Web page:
[1. ]Ecl. 4. 6. Statius in his eulogy of Virgil, Purg. 22. 70, paraphrases this passage of the Fourth Eclogue: “The world renews itself; Justice returns, and the first age of man; and a new progeny descends from Heaven.” Use is made of the same in Letter 7. 1.
[2. ] One of the books of the Convito, which was never written, was to have been devoted to this “moral virtue.” Conv. 1. 12. 4: “Of this subject I shall treat fully in the fourteenth book.” So Dante affirms again, l. c. 4. 27. 5: “Justice will be treated of in the last book but one of this volume.” The word “justitia,” used in the De Mon. according to the definition here of “regula sive rectitudo,” is employed elsewhere by Dante with varying meanings, ranging even to a synonym of perfect goodness and God Himself.
Conv. 4. 17. 13: “The eleventh [moral virtue] is Justice, which disposes us to love and practice righteousness in all things.”
Inf. 29. 56: “Justice that cannot err” punishes those in hell. In Purg. 19. 77 the sufferings endured “both hope and justice make less hard.” Again in Purg. 16. 71, it is “Justice to have for good joy, and for evil woe.”
Par. 4. 67: “That our justice should appear unjust in the eyes of mortals is argument of faith and pertains not to heretic depravity.”
Par. 6. 103: “Let the Ghibellines . . . work their arts under another ensign, for he ever follows that amiss who separates justice and it.” L. c. 121: “The living justice makes our affection sweet within us, so that it can never be wrested to any unrighteousness.”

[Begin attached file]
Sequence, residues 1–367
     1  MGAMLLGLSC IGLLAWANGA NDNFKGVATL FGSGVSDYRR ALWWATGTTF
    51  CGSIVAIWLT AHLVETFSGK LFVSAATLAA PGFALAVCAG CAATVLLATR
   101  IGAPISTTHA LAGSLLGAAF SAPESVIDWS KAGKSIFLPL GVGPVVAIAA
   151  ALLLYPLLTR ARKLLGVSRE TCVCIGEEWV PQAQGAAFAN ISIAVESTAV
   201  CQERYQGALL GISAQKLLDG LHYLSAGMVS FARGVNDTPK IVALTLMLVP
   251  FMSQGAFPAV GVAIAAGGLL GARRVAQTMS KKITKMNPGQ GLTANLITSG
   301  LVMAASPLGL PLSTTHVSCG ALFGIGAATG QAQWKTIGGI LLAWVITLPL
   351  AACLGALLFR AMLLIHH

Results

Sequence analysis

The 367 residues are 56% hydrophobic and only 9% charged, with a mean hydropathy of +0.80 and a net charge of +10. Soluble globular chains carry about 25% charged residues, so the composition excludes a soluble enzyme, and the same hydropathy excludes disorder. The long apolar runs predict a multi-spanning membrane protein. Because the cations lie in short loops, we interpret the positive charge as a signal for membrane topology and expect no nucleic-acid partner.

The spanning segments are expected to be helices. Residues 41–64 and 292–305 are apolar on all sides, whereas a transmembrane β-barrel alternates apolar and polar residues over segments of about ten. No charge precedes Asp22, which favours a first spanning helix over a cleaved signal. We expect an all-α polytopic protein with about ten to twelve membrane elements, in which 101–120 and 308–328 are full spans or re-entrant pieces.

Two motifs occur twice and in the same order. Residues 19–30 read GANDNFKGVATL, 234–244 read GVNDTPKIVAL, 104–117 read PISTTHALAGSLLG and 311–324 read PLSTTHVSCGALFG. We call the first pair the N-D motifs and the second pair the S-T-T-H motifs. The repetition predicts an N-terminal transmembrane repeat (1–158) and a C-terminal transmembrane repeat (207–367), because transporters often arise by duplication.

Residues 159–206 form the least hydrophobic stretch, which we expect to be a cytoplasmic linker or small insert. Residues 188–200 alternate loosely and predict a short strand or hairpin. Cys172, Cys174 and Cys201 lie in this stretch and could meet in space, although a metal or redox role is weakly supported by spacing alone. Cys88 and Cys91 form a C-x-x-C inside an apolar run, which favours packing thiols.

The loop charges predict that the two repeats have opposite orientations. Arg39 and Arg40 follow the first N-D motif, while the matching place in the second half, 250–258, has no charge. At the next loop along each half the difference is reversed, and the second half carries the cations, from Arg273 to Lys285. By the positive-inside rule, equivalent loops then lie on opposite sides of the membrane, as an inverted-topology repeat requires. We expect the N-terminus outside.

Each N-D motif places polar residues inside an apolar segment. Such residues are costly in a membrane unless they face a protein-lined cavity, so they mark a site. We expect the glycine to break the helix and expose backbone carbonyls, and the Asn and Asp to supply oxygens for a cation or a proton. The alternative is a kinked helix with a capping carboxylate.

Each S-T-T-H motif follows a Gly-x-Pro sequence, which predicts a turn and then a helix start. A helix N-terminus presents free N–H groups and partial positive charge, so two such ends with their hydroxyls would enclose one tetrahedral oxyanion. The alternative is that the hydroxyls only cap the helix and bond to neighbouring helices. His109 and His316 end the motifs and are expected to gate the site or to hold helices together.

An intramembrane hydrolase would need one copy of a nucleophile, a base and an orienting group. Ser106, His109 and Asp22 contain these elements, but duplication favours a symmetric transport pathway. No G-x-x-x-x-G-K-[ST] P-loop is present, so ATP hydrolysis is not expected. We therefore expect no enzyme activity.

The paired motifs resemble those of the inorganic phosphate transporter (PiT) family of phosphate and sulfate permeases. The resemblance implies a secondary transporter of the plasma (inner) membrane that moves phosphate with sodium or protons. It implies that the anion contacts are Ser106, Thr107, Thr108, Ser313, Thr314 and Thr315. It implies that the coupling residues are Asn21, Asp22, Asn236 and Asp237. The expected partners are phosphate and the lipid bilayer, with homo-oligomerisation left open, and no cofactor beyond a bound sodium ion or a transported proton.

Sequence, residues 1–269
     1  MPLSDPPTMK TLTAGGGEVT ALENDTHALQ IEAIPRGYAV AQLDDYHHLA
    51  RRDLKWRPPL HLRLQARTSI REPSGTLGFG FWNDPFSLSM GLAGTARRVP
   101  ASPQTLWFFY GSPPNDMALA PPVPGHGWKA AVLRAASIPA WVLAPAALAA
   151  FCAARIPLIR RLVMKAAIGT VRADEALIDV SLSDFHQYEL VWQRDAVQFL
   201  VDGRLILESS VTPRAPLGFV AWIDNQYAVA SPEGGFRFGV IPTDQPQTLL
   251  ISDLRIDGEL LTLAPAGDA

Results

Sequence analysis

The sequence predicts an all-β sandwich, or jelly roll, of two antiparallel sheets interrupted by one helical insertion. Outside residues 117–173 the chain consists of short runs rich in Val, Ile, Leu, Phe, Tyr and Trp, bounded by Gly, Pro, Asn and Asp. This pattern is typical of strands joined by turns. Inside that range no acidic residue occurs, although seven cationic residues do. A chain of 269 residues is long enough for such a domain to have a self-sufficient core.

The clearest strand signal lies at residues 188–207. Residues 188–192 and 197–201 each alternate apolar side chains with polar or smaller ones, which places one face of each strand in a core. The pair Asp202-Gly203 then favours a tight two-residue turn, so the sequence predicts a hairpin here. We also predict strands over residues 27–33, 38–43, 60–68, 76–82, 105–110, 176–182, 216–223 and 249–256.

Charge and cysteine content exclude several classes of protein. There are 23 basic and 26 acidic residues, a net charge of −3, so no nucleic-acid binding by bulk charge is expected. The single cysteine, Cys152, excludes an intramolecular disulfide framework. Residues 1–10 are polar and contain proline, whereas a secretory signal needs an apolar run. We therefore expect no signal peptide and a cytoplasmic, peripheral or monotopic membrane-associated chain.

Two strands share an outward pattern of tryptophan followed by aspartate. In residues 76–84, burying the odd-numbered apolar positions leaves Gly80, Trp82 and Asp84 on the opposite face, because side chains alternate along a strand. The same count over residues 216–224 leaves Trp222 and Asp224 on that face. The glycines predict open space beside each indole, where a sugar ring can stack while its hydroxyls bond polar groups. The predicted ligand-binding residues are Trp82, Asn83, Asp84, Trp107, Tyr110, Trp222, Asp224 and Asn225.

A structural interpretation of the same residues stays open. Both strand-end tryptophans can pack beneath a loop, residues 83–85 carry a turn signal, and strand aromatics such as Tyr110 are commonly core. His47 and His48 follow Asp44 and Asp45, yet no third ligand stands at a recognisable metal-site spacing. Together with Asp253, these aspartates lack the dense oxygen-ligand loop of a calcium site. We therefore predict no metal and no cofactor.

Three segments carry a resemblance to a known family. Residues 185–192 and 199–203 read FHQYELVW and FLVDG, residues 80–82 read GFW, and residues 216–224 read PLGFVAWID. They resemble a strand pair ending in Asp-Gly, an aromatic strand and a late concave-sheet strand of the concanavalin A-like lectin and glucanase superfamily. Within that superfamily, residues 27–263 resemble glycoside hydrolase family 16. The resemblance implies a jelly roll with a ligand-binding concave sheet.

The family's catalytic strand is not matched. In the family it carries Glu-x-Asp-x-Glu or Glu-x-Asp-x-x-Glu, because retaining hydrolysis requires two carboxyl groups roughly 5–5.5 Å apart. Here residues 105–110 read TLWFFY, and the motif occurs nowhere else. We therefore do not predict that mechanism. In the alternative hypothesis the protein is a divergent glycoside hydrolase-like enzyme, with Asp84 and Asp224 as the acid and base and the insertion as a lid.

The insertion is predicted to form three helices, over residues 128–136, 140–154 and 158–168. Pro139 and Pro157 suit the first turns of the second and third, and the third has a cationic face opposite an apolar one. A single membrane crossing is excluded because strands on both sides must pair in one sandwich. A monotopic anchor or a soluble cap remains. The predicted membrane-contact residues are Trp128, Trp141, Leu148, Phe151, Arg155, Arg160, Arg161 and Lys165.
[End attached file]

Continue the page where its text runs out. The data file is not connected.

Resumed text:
Par. 18. 115: “O sweet star, what manner and what number of what gems showed me that our justice is an effect of the heaven wherein thou art set.” In this same canto Dante sees the motto of the empire, 90 ff., “Diligite justitiam . . . qui judicatis terram,” in the words which open the Book of Wisdom. For Thomas Aquinas on Justice, see S. T. 2-2. 57. 1, 58. 1.
[3. ] Forms may be substantial or accidental; substantial, when they give things being or essence; accidental, when they give things qualities or attributes. Whiteness is an accidental form which is intrinsically absolute. More or less whiteness is only possible when some other accidental form is mixed with it. Cf. infra, par. 3.